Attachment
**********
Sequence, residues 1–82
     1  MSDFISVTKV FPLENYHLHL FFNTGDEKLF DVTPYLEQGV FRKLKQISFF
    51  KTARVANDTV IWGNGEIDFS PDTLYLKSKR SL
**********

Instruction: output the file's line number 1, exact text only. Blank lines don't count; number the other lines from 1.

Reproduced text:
Sequence, residues 1–82